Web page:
1) Spent a big chunk of the weekend with Paul. We didn't really do anything but hang out, but that always seems to be enough. We have our regular rituals--dinner at Old Country Buffet, and if he stays the night, breakfast at Krispy Kreme--but when he's here, he seems happy to let me decide what we're going to do. Usually, I let him decide what movies we're going to watch, but we're slowly working our way up to Where Eagles Dare. Clint Eastwood! Nazis! Machine guns! If he doesn't like it, I'll be crushed.
When we're out together, I have no idea what people think our relationship is. More than likely, they assume he's my kid, although if they make a comment indicating that, Paul will explain in excrutiating detail that I'm just his mom's ex-boyfriend, and usually point out that he thinks I'm still in love with her. Me, I always feel like we're some comedy team. When we're not tossing off one-liners and non-sequiturs, we're doing goofy physical bits. A string of exes have been annoyed by my "walking into a street sign" bit, but the kid has adapted if for his own purposes--he'll walk into, or off of, pretty much anything. With us, it's less Martin & Lewis than Lewis & Lewis. Scary.
Every time he stays the night, I let Paul have the bed. I don't even have a couch, so I just throw down a few blankets and sleep on the floor. He never puts up much of a fuss when I tell him it's bedtime, and after I shut off the light, we usually talk for awhile. Friday night he asked, "Do you think there'll be a time when we stop being friends?" I said no, I didn't think so. "Good," he answered. "That's what I hoped you'd say."
2) Once I dropped Paul back off with Tabbatha--who has been volunteering for Barack Obama's campaign, and whose enthusiasm for the cause is so infectious I wish I could fully share it--I headed off to see a movie.
Alone, that is. Recently, I've renewed contact with an off-and-on friend with benefits, though in her case, it's more about the benfits than the friendship. That sounds terrible, but it's true--anytime we get together, it's basically to have sex. We catch up on whatever we've been doing and blah blah blah, but we know we're just fulfilling some sort of biological urge. Maybe I'm just getting older, but the idea of seeing a movie seemed more appealing than getting laid. Besides, I really wanted to see this movie.
3) The movie in question was Appaloosa, the new Western with Ed Harris, Viggo Mortensen and Renee Zellweger. I hadn't even heard of this thing until I stumbled across the trailer online, and it did something previews almost never do these days: it made me want to see the movie. Of course, Harris and Mortensen are worth seeing in anything, but mostly, I was intrigued because, hey, it's a Western. And more: a Western starring people who actually belong in one. No Christian Bale or Brad Pitt in this one, thank you very much.
And it's a terrific piece of work, very well directed by Harris (in a workmanlike style pleasantly reminiscent of Henry Hathaway), solidly written, impeccably acted, a great time at the movies. I'd almost forgotten what that could be like.
4) Which reminds me--I don't often go on about it here, but man, I love Westerns. If I compiled a list of my ten favorite movies (which would be pointless, because that list would keep changing), there would be guaranteed spots for Once Upon A Time In The West, The Wild Bunch and The Outlaw Josey Wales. That's practically a third of the list right there, and the extra spaces could as easily be filled with Pat Garrett And Billy The Kid (or any Sam Peckinpah Western) or The Good The Bad And The Ugly (or any Sergio Leone) or Unforgiven (or, yeah, any Clint Eastwood), to say nothing of The Man From Laramie and The Naked Spur and, okay, pretty much any Anthony Mann Western (not Cimarron, though--I jump off the auteurist bandwagon with that one) or The Long Riders or Ulzana's Raid or...this could be a really long list.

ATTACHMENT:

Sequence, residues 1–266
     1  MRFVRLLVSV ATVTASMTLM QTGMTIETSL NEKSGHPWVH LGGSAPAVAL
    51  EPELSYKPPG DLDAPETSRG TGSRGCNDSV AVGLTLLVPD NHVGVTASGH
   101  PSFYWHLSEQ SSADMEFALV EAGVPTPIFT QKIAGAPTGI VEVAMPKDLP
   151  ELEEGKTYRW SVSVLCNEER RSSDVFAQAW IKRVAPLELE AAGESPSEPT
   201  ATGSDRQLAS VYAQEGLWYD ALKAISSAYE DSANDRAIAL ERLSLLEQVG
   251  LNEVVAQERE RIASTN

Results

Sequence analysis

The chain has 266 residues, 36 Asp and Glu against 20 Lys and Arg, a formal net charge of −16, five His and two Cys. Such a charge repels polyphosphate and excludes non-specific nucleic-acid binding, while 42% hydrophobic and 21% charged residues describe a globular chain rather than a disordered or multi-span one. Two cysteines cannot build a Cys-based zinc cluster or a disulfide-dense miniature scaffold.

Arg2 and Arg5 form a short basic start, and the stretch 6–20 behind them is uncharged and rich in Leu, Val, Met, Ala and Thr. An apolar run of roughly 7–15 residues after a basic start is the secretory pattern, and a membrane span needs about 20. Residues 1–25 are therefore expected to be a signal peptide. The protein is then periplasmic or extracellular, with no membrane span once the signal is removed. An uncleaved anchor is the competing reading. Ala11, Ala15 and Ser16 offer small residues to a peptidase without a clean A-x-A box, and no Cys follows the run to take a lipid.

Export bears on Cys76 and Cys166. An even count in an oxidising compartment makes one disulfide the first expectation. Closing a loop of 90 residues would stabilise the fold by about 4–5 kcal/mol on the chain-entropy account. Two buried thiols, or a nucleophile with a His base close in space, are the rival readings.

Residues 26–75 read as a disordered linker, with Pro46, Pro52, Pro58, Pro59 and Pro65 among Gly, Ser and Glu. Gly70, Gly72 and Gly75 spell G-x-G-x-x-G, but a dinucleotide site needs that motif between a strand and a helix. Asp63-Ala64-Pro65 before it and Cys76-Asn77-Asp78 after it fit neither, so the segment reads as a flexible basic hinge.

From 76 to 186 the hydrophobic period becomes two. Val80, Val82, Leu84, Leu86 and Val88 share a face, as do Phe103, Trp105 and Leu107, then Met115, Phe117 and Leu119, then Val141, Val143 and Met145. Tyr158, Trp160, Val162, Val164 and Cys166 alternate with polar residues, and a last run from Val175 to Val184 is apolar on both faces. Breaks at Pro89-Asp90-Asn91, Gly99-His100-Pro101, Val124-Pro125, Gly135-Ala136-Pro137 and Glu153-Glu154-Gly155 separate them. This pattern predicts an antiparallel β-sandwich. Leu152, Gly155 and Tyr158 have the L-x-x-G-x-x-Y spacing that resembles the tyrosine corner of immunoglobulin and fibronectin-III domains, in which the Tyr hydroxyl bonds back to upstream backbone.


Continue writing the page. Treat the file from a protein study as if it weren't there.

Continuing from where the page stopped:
The odd thing about any prospective Ten Favorite Movie list I would compile would be that most of the non-Westerns would be musicals. Singin' In The Rain and Meet Me In St. Louis are locks for that list, as well as Dumbo, which does have a lot of songs. Plus The Pirate might make that list, and The Band Wagon and It's Always Fair Weather and Cabaret, naturally, and All That Jazz if you consider it a musical, and of course West Side Story, even though I recognize how terribly uneven it is, I still love every second of it and hell, I've probably watched it more than any other movie I can think of, so...yeah.
Westerns and musicals are the most stylized (one could perhaps more accurately say ritualized or formulized) of film genres. The trappings of the Western are so familiar that it's hard to make a bad one. Musicals are much more difficult to realize on film, but what both forms have in common is that they're unusually dependant on a strong director. Failed examples of both genres can be fascinating to watch--Young Guns or Xanadu--to see what happens when many of the proper elements are in place, but there's nothing to make them work. Sure, a Brat Pack Western or a musical showcase for the non-existent charisma of Olivia Newton-John and Michael Beck seemed like bad ideas in the first place, but everyone from Robert Wagner to Anthony Perkins made good Westerns, just as Bobby Van and Debbie Reynolds made credible romantic leads in a musical. When a filmmaker gets the details right, when they have an overarching vision, we can believe anything.
5) What could make this weekend conclude on a perfect note? Well, marriage to Lauren Graham, but in the event that doesn't happen, lunch at my neighborhood Chinese restaurant, followed by chocolate chip cookies and a nap. Yeah, that sounds kind of pathetic, but this weekend is all about small, comforting things, and I'm good with that.